A vegan 5 mins with Celebrity Make-up Artist Justine Jenkins…
I like to think I know a bit about natural and organic beauty, but this doesn’t always mean that the products are vegan. Lots of natural brands will contain beeswax especially in products like lipsticks and lip balms. A lot of colour products will also contain carmine, indeed probably a lot of products in my kit do – blog post to come – still in my head but hopefully this month!! When I was sorting through my kit the other day, I realised that I didn’t have as many vegan options as I probably should have; in fact I realised that I should know a little more about the subject too. Step in the fabulous Justine Jenkins, make-up extraordinaire, who does know a LOT about vegan beauty. Justine is a celebrity make-up artist – look on her Instagram and it’s easier to ask who she hasn’t made up – who is an expert in cruelty free and vegan make-up, as well as natural and organics. In celebration of World Vegan Month, Justine has very kindly answered some questions for the blog 🙂
What makes a beauty product vegan? What ingredients should we avoid if we are looking for vegan products?
A vegan product is one that contains no animal derived ingredients like beeswax, lanolin, carmine or animal hair. Some brands are 100% vegan and some are not, but have vegan options.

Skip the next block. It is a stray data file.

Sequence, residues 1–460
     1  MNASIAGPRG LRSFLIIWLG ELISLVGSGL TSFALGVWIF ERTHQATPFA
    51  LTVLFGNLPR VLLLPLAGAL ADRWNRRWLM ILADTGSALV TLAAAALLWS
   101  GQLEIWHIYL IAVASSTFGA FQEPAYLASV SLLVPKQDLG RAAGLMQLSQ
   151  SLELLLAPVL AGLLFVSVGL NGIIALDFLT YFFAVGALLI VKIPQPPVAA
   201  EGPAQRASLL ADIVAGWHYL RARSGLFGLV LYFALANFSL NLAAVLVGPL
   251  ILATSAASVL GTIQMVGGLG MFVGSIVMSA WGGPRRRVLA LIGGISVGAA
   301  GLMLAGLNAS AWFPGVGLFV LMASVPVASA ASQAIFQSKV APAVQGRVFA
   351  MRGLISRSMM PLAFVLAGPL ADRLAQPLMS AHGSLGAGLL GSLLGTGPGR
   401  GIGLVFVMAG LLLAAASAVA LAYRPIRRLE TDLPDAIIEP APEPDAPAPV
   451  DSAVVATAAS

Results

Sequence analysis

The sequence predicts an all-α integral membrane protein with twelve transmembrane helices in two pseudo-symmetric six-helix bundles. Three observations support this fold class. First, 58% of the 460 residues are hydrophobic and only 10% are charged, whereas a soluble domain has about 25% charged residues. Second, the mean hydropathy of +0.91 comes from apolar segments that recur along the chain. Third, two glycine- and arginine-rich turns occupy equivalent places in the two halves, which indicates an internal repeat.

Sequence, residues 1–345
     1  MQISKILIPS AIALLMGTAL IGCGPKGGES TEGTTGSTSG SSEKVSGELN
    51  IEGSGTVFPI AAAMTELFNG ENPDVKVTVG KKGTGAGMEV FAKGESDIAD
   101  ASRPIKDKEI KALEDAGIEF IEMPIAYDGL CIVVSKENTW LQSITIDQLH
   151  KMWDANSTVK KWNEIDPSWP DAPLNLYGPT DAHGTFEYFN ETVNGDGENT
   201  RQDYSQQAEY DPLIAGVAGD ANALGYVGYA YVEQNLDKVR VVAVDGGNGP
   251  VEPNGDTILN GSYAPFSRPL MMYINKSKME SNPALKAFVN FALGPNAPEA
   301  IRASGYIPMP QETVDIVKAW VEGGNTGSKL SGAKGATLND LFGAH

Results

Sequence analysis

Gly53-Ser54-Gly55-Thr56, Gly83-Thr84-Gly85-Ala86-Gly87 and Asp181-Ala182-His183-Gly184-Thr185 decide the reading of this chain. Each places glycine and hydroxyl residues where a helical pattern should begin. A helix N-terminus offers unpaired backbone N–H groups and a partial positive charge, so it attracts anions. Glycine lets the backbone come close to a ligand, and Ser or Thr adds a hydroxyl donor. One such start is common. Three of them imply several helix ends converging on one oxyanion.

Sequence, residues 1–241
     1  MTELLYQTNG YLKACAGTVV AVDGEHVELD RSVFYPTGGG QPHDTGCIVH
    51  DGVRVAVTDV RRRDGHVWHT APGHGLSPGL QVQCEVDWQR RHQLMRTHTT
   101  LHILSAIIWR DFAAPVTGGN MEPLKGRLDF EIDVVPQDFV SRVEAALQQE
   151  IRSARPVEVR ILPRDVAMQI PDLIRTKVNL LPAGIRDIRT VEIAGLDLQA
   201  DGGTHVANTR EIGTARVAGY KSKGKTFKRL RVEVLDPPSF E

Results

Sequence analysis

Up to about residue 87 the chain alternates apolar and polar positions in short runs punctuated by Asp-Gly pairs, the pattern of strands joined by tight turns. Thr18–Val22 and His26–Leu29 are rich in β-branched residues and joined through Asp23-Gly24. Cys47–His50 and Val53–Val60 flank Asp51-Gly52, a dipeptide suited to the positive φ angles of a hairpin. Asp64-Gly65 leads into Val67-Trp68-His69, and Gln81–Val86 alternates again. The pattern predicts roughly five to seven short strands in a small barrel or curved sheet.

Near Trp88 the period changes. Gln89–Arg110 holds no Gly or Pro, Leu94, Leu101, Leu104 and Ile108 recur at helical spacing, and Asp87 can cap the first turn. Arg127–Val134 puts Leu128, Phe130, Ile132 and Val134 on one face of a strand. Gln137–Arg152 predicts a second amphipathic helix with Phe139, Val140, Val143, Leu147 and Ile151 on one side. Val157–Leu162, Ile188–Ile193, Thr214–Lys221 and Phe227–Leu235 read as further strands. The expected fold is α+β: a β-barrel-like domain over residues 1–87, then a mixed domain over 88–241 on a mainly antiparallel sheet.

Does vegan mean cruelty free and vice versa? What are the differences between the two?
This is a great question Lou as so many people get confused. To be classified as ‘cruelty free’ means the ingredients and final product have not been tested on animals by the brand itself or a third party, and they do not trade in countries like China, where testing is required by law. However, these products and brands may still contain animal derived ingredients.
To be certified as ‘vegan’, these products and brands have to contain no animal derived ingredients. However, it does not guarantee they are cruelty free and not tested on animals. To be sure a product or brand is both cruelty free and vegan, you should look for certifications for both.
How important is it for a make-up artist these days to be able to offer vegan make-up? Are you finding that more of your clients are asking for vegan products?
I still think there’s a long way to go, as although I’ve seen a huge surge in interest in cruelty free and vegan beauty lately, most people are still unaware of which brands test on animals and which brands are vegan. Although I don’t have that many vegan clients, consumers ask me questions about vegan products all the time.
When I first turned cruelty free about 7 years ago, I wondered whether clients would question why I didn’t have Chanel or Mac in my kit. Luckily it was the opposite. They were really interested in these amazing brands that they’d never heard of.
Who are some of your favourite vegan brands?
Many cruelty free brands I adore like Kat Von D, Juice Beauty, Zao and Urban Decay are not yet 100% vegan, but have some great vegan options. For the purpose of this Q&A, I’ll stick to 100% vegan brands.
What are your top 5 products that you can’t live without in your kit?
This is a tough one, but my top 5 100% vegan products are:-
Ecotools Full Powder brush – I love all their brushes but I’m obsessed with this particular brush. It has 70,000 synthetic bristles, so it’s as soft as any brush I’ve ever used. It’s perfect for applying powder and bronzer and everyone I use it on loves it. It’s also a great price!